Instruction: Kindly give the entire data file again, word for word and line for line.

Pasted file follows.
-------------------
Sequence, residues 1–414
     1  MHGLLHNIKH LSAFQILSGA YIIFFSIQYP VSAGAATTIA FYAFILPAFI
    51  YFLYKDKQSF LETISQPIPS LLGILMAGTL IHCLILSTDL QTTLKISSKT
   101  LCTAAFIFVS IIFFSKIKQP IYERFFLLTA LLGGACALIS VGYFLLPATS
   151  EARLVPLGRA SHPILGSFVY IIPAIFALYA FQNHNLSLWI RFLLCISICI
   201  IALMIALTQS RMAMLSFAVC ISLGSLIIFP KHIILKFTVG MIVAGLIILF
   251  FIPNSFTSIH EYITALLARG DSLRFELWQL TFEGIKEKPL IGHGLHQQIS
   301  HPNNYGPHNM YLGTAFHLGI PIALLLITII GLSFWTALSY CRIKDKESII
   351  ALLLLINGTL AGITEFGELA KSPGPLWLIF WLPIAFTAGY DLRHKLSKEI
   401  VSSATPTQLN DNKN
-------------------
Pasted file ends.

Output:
Sequence, residues 1–414
     1  MHGLLHNIKH LSAFQILSGA YIIFFSIQYP VSAGAATTIA FYAFILPAFI
    51  YFLYKDKQSF LETISQPIPS LLGILMAGTL IHCLILSTDL QTTLKISSKT
   101  LCTAAFIFVS IIFFSKIKQP IYERFFLLTA LLGGACALIS VGYFLLPATS
   151  EARLVPLGRA SHPILGSFVY IIPAIFALYA FQNHNLSLWI RFLLCISICI
   201  IALMIALTQS RMAMLSFAVC ISLGSLIIFP KHIILKFTVG MIVAGLIILF
   251  FIPNSFTSIH EYITALLARG DSLRFELWQL TFEGIKEKPL IGHGLHQQIS
   301  HPNNYGPHNM YLGTAFHLGI PIALLLITII GLSFWTALSY CRIKDKESII
   351  ALLLLINGTL AGITEFGELA KSPGPLWLIF WLPIAFTAGY DLRHKLSKEI
   401  VSSATPTQLN DNKN